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Consider the Baker-Hausdorff formula for two operators $A$ and $B$: $$e^BA e^{-B} =A+[B,A]+\frac{1}{2!}[B,[B,A]]+\frac{1}{3!}[B,[B,[B,A]]]+....,$$ where $[A,B]=AB-BA$. In the case of my problem, $[B,a_1]=\alpha\, a_1+\beta \,a_2+\gamma,$ and $[B,a_2]=\alpha\, a_2+\beta \,a_1,$ where the parameters are either imaginary $(\alpha, \beta)$ or complex $(\gamma)$. $a_1$ and $a_2$ are operators. So, I need to find the following: $$ a_1\,+(\alpha a_1+\beta a_2+\gamma)+\frac{1}{2!}\Big\{\alpha\Big(\alpha a_1+\beta a_2+\gamma\Big)+\beta\Big(\alpha\, a_2+\beta \,a_1\Big)\Big\}+\frac{1}{3!}\Big\{\alpha\Big(\alpha (\alpha\, a_1+\beta \,a_2+\gamma)+\beta (\alpha\, a_2+\beta \,a_1)+\gamma\Big)+\beta\Big(\alpha\, (\alpha\, a_2+\beta \,a_1)+\beta \,(\alpha\, a_1+\beta \,a_2+\gamma)\Big)\Big\}+....$$

In other words, in each new term, one should replace $a_1$ by $(\alpha\, a_2+\beta \,a_1+\gamma)$ and $a_2$ with $(\alpha\, a_2+\beta \,a_1)$, and repeat this procedure $N$ times, and finally calculate the limit when $N\rightarrow \infty$. Since I'm not familiar with Mathematica programming, I tried to find the "pattern" of successive terms and thereby find the limit of n'th term as $N\rightarrow\infty$. I tried

f0 = a1;

f1 = Collect[α a1 + β a2 + γ /. {a1 -> α a1 + β a2 + γ, a2 -> α a2 + β a1}, {a1, a2}] // Simplify

f2 = Collect[% /. {a1 -> α a1 + β a2 + γ, a2 -> α a2 + β a1}, {a1, a2}] // Simplify

f3 = Collect[% /. {a1 -> α a1 + β a2 + γ, a2 -> α a2 + β a1}, {a1, a2}] // Simplify

f4 = Collect[% /. {a1 -> α a1 + β a2 + γ, a2 -> α a2 + β a1}, {a1, a2}] // Simplify

Collect[f0 + f1 + 1/2 f2 + 1/6 f3 + 1/4! f4, {a1, a2}]

But, unfortunately, the pattern is not so clear to me. So I think it would be better to find it systematically. The answer is probably either exponential or trigonometric.

In fact, I'm trying to find equation 6 of the following reference: arxiv.org/pdf/1609.00075.pdf

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  • $\begingroup$ What do you mean by "<the pattern> is probably either exponential or trigonometric"? $\endgroup$ – march Mar 4 at 4:13
  • $\begingroup$ I am confused by $a_1$ and $a_2$: where do those come from? Consider the following code though: Table[1/i! Nest[f[B, #] &, A, i], {i, 0, 4}] This seems to produce the pattern of your recursive result for the first 4 levels, where the function f represents your brackets. $\endgroup$ – MarcoB Mar 4 at 4:19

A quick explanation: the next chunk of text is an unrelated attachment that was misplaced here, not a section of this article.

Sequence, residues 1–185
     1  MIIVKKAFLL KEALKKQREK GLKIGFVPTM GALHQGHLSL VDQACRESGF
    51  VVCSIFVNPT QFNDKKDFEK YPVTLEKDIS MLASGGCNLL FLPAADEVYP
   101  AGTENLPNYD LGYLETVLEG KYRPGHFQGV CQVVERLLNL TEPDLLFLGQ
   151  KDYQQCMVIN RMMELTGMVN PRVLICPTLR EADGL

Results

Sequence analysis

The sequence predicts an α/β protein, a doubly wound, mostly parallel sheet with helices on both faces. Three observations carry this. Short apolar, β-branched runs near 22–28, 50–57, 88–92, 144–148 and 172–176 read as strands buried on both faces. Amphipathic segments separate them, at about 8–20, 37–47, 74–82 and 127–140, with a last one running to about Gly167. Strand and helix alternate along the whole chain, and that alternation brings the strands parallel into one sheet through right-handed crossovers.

• $\begingroup$ @march I mean that should give a pattern like $z^n/n!$ so one can guess it is exponential $\endgroup$ – Saeid Mar 4 at 4:32
  • $\begingroup$ @MarcoB $A$ and $B$ were examples. In my problem, I have $e^{iHt}a_1e^{-iHt}$, where $H$ is the Hamiltonian operator in quantum mechanics. $H$ itself has a few terms,but since it is enough to find $[iHt,a_1]$ once, I simplified it as above. $\endgroup$ – Saeid Mar 4 at 4:36
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Here is a systematic way of generating the nested commutators:

comm[b, a_Times] := comm[b, Expand@a]
comm[b, a_Plus] := comm[b, #] & /@ a
comm[b, x_ a[y_]] := x comm[b, a[y]]
comm[b, x_ /; FreeQ[x, a]] := 0
comm[b, a[1]] := α a[1] + β a[2] + γ
comm[b, a[2]] := α a[2] + β a[1]

Then, for instance, one can do

terms = Table[Nest[comm[b, #] &, a[1], n], {n, 0, 3}]
(* {a[1], γ + α a[1] + β a[2],
     β (β a[1] + α a[2]) + α (γ + α a[1] + β a[2]),
     2 α β (β a[1] + α a[2]) + α^2 (γ + α a[1] + β a[2]) + β^2 (γ + α a[1] + β a[2])} *)

Finally, we make a transformation of the operators to symmetric and anti-symmetric combinations using

First@Solve[{a[p] == (a[1] + a[2])/Sqrt[2], a[m] == (a[1] - a[2])/Sqrt[2]}, {a[1], a[2]}]
(* {a[1] -> a[m]/Sqrt[2] + a[p]/Sqrt[2], a[2] -> 1/2 (-Sqrt[2] a[m] + Sqrt[2] a[p])} *)

Applying this transformation yields the following:

terms = Table[Nest[comm[b, #] &, a[1], n], {n, 0, 3}];
terms /. First@Solve[{a[p] == (a[1] + a[2])/Sqrt[2], a[m] == (a[1] - a[2])/Sqrt[2]}, {a[1], a[2]}];
Collect[%, _a, Factor]
(* {a[m]/Sqrt[2] + a[p]/Sqrt[2],
    γ + ((α - β) a[m])/Sqrt[2] + ((α + β) a[p])/Sqrt[2],
    α γ + ((α - β)^2 a[m])/Sqrt[2] + ((α + β)^2 a[p])/Sqrt[2],
    (α^2 + β^2) γ + ((α - β)^3 a[m])/Sqrt[2] + ((α + β)^3 a[p])/Sqrt[2]} *)

From there, I think it is apparent how some of the exponentials in the linked paper arise.

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  • $\begingroup$ The commutator is not an issue. The second (long) formula does the same job. But I have no idea how I can write a program to find the final answer. In fact, I'm trying to find equation 6 of the following reference: arxiv.org/pdf/1609.00075.pdf $\endgroup$ – Saeid Mar 4 at 5:16
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    $\begingroup$ @Saeid, then why did you not mention this reference in your question? Please edit your question to put in this additional information. $\endgroup$ – J. M. will be back soon Mar 4 at 5:48
  • $\begingroup$ @Saeid. See the update. $\endgroup$ – march Mar 4 at 5:51

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